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It was as if Jake Johnson had just seen a ghost.
It’s starts with the old Hollywood story: a guy hits it big, and all of a sudden, people from his past come out of the woodwork, then adds a 21st century twist: When Johnson’s Fox sitcom, New Girl, became the breakout hit of the TV season, his Facebook inbox was inundated with messages from a wide range of past friends and passing acquaintances.
The kind words — if not all the overtures at reunions — were welcomed and appreciated, even as conversations reminded him why they hadn’t kept in touch in the first place.
“We weren’t even friends in high school, why are we doing this?” Johnson recalled thinking, as he laughed about his sudden surge in digital popularity.
“What would we possibly talk about?” he wondered. At best, Johnson said, they’d exchange life updates, followed perhaps by “Hey, congrats on the two kids,” and, in very specific situations, “Good for you man, you’re an accountant, good for you.”
There was one message, though, that Johnson couldn’t wave off quite so easily.
While he had never reconnected with the girl that was his first childhood love — his Winnie Cooper, as he called her, never joined the website — a few days before speaking with The Hollywood Reporter, Johnson received a friend request from her brother.
“She’s in a bunch of his photos,” the actor explained, his voice softening from nostalgia of young love. “I saw her and I was like, ‘Look at you, all grown up. Look at you not being 16. You’re doing great.’”
A happily married man, Johnson’s wistfulness was short-lived. Yet he also got to experience a different, more desperate version of those events with his role in the new Colin Trevorrow-directed comedy Safety Not Guaranteed, in which he plays a journalist who returns to an old lakeside town to seek out a first teenage love.
Johnson’s character Jeff’s plot line runs parallel to the main story, in which Mark Duplass features as an eccentric inventor named Kenneth who is trying to build a time machine. Jeff sees a classified ad Kenneth places in the lakeside town’s paper seeking a partner for the adventure, and convinces his editor to allow him to take two interns on his quest to chronicle the odd time traveler’s quest.
Jeff quickly dumps the assignment on his intern Darius (Parks and Recreation’s Aubrey Plaza), and seeks out the old flame, a redhead named Liz (Jenica Bergere) whom he stalked down online.
“Facebook kind of is the closest thing we have to a time machine,” Trevorrow said. “I think in any other generation, that girl that you were in love with when you were 16, you were never going to see that girl ever again. And now you can probably find her in four minutes.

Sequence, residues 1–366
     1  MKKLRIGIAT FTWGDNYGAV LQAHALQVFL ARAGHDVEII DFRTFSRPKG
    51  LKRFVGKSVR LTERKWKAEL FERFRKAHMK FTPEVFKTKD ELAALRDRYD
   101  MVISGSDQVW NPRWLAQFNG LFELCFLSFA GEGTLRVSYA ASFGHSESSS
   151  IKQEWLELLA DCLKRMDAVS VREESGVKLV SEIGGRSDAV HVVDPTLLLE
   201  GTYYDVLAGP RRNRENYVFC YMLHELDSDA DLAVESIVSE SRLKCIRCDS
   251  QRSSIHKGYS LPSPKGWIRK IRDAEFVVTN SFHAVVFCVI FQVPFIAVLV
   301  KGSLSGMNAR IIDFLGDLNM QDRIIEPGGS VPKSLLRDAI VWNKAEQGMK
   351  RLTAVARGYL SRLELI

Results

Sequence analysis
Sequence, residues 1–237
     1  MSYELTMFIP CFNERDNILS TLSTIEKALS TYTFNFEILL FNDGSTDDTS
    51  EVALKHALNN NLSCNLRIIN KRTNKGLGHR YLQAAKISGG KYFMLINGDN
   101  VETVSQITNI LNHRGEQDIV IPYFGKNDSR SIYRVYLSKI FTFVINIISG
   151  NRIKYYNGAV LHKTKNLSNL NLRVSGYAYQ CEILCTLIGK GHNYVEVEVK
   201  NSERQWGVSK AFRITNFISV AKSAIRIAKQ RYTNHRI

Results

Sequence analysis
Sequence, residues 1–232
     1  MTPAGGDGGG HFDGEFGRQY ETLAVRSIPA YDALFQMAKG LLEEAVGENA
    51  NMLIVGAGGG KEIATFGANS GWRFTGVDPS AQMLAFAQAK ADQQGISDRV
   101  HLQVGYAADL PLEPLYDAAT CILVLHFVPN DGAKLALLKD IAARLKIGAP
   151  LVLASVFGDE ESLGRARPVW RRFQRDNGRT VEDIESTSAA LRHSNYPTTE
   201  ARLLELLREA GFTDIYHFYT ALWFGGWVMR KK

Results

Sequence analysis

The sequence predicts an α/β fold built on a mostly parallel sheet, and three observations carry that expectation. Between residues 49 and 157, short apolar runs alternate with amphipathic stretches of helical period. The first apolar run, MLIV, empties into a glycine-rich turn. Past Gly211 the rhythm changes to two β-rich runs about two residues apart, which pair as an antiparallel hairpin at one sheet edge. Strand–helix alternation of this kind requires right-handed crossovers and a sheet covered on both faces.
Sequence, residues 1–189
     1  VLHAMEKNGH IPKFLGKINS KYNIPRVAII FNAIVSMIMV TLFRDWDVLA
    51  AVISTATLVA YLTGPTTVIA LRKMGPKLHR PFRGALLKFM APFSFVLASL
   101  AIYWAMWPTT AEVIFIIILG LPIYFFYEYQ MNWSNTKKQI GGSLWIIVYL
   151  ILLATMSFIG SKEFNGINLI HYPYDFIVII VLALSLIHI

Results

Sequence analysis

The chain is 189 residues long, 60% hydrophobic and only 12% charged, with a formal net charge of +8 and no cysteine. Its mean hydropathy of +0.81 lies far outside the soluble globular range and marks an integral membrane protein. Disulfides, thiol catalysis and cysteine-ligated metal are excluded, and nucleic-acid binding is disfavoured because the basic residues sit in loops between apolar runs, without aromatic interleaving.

“The downside is that, there might be certain people that you don’t ever want to see again, because they represent a time and a place for you,” the director continued. “I recently on Facebook came back in contact with the first girl who made a man of me when I was young and I have memories of that time.”
Jeff is a cocky, closed-off, booze-hound of a man-child, so he is somehow shocked when Liz doesn’t look exactly as he remembered; she’s 20 years older (he conveniently ignores the fact that he has aged, as well) and, to his eyes, heavier than in her youth. As it would turn out, the description of the character didn’t quite match up with Bergere’s attributes — she’s far slimmer and more attractive than the dialogue suggests — which made for an uncomfortable experience for Johnson after the film was made.
“When we were in these scenes, there was one line that was like, ‘Yeah, the years haven’t been kind, they like took a shit all over her,’ there were a couple of them that were like, ‘she’s fat,’” Johnson remembers, laughing. “And then we were at the screening at Sundance and she was a row behind me. I have not been that embarrassed… Because it’s not also accurate. It would be less embarrassing if she was really fat and ugly. It would be like, well you know what this is coming in, so it sucks, but… It was very weird.”
Perhaps it was unintended, but the casting actually provided a further opportunity to explore the depths of both Jeff and the uncomfortable realities of watching ourselves age in ways more intimate than ever before. No longer can we squint at a mirror and lie about what we see; there is too much photographic evidence of our declines to get away with such delusion.
“I actually love how that works because the way that she actually looks is very attractive, we shoot her and she looks beautiful in the movie, it tells us something about his character,” Trevorrow says. “The minute we see her, you learn something more about, Jesus, this guy!”
For Jeff, his disillusionment slowly melts as he gets to know Liz all over again, though another twist in their relationship makes his arc a particularly rocky one. He is, as Trevorrow describes him, a guy in his mid-thirties who hadn’t ever taken a risk for love, allowing instead digital photos to guide his bed-hopping on a weekly basis. Redemption and emotional maturity are hard-earned rewards, in large part thanks to the real-world archetype that the director and actor teamed to construct.
“The first take on the first day, I imagined Jeff to be a little more likable and be a little bit more stoney, like a guy who smokes some weed, is doing this trip as a fun adventure, but he’s kind of a d-bag, but the kind of d-bag that listens to Nickelback and smokes grass,” Johnson remembers. “And we did the first take and he pulled me aside and said ‘good good, I think you’re thinking of Jeff as a stoner. He’s not. He’s a guy who does too much cocaine at parties.’ And I was like, ‘Oh, totally. Oh, I know this guy! This guy’s the worst!’”
More than likely, he was able to find quite a few of them on Facebook.
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